Pacific Ocean Coral Islands
reef water theory
PACIFIC OCEAN CORAL ISLANDS - the origin of coral islands was specially studied by Darwin during the voyage of the " Beagle " in 1831-36, and lie shortly afterwards published a theory on the subject which has been fully detailed in the article CORAL (vol. vi. r. 377). This theory was so simple, and it appeared so complete, that it acquired universal acceptance; and the continuous action of subsidence in promoting the development of fringing reefs into barriers, and of barriers into atolls, was long unquestioned. In 1851 L. Agassizl expressed the opinion that the theory of subsidence was insufficient to explain the formation of the coral reefs and keys of Florida. In 1863 Carl Seinper stated that an attentive study of the Pelew Islands showed the complete inadequacy of this theory, and in 1868 lie reiterated his convictions.2 Coral-reef builders starting on a bank, whether formed by elevation or subsidence, by erosion or the upward growth of deep-sea deposits composed largely of organic remains, tend ultimately to assume the atoll or barrier form. When the coral reef or colony approaches the sum-face, the central portions are gradually placed at a disadvantage as compared with the peripheral parts of the mass, in being farther removed from the food supply which is brought by the oceanic currents, and consequently dwindle and die. In proportion as the reef approaches the surface, the centre becomes cut oil from the food supply and the conditions become increasingly uncongenial. At last an outer ring of vigorously growing reef corals encloses a central lagoon. The windward side of the reef grows most vigorously, not because of a larger supply of oxygen and greater aeration of the water, hut because that is the direction in which the oceanic currents bring the food to the reef. As the atoll extends seawards from vigorous growth the lagoon becomes larger, chiefly from the removal of lime in solntion by the action of the carbonic acid in sea water which flows in and out at each tide. This solvent action of sea water on dead calcareous organisms was shown IT the "Challenger's " observations to be universal.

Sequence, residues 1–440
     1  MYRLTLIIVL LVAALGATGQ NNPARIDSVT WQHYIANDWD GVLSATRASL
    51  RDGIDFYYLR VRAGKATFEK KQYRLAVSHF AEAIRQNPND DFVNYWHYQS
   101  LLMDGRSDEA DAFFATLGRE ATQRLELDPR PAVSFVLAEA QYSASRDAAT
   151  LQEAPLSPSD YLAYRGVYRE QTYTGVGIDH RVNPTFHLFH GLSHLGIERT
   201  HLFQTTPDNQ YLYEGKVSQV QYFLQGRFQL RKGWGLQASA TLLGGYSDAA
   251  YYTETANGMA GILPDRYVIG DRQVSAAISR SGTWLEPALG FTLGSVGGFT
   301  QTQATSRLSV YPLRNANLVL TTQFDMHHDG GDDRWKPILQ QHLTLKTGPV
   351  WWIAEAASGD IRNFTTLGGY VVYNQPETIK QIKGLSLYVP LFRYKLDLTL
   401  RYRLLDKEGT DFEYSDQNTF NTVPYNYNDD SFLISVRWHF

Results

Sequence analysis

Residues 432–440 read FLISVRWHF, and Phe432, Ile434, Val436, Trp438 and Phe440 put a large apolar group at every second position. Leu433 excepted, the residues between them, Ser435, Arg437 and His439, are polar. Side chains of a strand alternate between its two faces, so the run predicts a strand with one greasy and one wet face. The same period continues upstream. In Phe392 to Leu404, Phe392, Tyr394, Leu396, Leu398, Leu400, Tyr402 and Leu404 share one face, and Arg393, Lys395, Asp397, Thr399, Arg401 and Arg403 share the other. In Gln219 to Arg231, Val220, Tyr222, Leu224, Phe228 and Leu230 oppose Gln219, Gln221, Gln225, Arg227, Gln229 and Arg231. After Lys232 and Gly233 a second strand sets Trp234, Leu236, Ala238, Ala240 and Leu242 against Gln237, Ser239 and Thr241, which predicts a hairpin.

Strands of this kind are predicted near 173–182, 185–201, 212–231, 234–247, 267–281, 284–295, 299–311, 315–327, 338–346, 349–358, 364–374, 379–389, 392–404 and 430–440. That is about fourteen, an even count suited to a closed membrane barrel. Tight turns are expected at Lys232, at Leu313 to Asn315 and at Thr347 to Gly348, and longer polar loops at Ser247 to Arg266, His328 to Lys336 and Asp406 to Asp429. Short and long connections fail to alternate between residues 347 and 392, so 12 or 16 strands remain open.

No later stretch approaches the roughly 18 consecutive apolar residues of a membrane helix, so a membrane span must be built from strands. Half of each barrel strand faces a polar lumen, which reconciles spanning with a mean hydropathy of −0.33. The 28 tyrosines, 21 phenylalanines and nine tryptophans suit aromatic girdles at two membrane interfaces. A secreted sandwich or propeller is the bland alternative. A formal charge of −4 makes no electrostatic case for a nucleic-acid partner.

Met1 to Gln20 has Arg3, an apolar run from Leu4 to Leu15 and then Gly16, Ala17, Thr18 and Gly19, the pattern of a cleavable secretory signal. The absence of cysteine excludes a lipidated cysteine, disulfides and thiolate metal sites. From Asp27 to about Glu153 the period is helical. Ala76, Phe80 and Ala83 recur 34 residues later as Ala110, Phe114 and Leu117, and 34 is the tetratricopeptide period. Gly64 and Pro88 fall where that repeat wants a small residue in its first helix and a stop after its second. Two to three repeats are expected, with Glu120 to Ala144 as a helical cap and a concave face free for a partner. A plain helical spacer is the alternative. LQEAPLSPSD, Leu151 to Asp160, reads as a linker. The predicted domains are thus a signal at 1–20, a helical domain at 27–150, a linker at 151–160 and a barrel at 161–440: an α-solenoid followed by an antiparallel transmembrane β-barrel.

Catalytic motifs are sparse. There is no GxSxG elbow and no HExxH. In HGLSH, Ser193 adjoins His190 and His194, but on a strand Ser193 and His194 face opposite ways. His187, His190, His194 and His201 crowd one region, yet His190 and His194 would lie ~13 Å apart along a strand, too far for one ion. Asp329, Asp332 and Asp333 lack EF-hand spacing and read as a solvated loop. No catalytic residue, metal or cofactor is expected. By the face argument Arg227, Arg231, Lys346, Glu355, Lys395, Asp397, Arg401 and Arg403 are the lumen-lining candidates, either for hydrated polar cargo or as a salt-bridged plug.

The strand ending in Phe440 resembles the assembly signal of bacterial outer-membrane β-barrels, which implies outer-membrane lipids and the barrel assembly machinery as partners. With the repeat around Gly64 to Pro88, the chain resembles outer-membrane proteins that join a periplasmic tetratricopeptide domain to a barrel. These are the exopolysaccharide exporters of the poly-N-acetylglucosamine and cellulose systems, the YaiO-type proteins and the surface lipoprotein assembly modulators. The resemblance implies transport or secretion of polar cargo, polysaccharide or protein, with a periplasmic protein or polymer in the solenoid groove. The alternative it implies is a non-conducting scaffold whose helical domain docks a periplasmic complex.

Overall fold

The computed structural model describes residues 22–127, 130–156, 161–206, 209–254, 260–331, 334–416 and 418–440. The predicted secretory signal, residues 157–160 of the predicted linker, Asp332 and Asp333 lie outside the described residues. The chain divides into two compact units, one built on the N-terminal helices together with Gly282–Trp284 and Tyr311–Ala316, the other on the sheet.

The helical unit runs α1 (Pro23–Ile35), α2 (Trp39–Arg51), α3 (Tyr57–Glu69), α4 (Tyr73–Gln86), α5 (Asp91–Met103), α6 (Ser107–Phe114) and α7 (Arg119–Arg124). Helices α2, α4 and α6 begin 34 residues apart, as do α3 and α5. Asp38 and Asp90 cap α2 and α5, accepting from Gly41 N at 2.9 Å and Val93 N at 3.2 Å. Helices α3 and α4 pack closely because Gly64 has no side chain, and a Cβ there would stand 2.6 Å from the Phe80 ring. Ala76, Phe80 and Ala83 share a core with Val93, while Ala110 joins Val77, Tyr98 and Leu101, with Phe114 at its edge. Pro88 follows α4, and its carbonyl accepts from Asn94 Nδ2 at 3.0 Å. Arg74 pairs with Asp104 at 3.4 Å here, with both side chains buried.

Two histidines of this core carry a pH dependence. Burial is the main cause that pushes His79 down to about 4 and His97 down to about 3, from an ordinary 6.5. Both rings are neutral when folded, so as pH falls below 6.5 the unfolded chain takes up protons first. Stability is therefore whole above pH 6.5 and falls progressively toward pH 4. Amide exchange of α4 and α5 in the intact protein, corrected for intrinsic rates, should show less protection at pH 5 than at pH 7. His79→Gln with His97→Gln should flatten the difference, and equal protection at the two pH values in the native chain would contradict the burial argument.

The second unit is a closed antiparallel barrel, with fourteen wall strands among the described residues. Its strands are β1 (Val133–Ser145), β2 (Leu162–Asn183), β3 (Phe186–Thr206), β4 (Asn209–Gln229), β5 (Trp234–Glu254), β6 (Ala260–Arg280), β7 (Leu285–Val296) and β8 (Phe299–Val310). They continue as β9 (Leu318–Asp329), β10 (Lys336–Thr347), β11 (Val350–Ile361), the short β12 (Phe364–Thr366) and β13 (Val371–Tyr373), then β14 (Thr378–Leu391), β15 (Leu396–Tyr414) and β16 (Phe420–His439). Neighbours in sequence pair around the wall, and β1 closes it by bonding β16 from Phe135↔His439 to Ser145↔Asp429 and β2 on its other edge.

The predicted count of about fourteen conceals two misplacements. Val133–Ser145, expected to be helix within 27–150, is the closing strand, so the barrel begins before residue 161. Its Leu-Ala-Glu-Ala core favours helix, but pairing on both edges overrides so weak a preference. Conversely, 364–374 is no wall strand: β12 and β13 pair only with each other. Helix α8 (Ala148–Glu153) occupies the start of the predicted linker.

Mr Murray reverses the order of growth as given IT Darwin for the groups in the Indian Ocean. He regards the Laccadive, Caroline, and Chagos archipelagos as various stages in the growth of coral reefs towards the surface, and he explains the various appearances in the Maldive group of atolls without any necessity for disseverment by oceanic currents as argued by Darwin. Precisely the same explanation is applied to the case of a barrier reef. It commences in the shallow water near the shore, and afterwards extends seawards on a talus built up of lumps of coral broken off by the surf. A very careful examination of the barrier reef at Tahiti was made by Lieutenant Swire of H.M.S. "Challenger" and Mr Murray, and they found that such an explanation was completely justified by the form and nature of the reef. There was much dead coral on the inner side of the barrier, which in many places was perpendicular or even overhanging; while, on the contrary, the outer surface was all alive, and sloped gradually seawards. A section of it, drawn to a true scale, is given in fig. 10.
This section shows that a ledge, over which there is a depth of from 30 to 40 fathoms of water, runs out for 250 yards from the edge of the reef. This ledge is covered with luxuriant heads and bosses of coral. Beyond it there is a steep irregular slope at an angle of about 45°, the talus being formed apparently of coral masses broken off from the ledge, and piled up; this slope is covered with living Sponges, Alcyonarians, Hydroids, Polyzorr, Foramindfcra, and other forms of life. The angle of inclination then decreases to 30°, and the ground is covered with coral sand; while beyond 500 yards from the edge of the reef the declivity is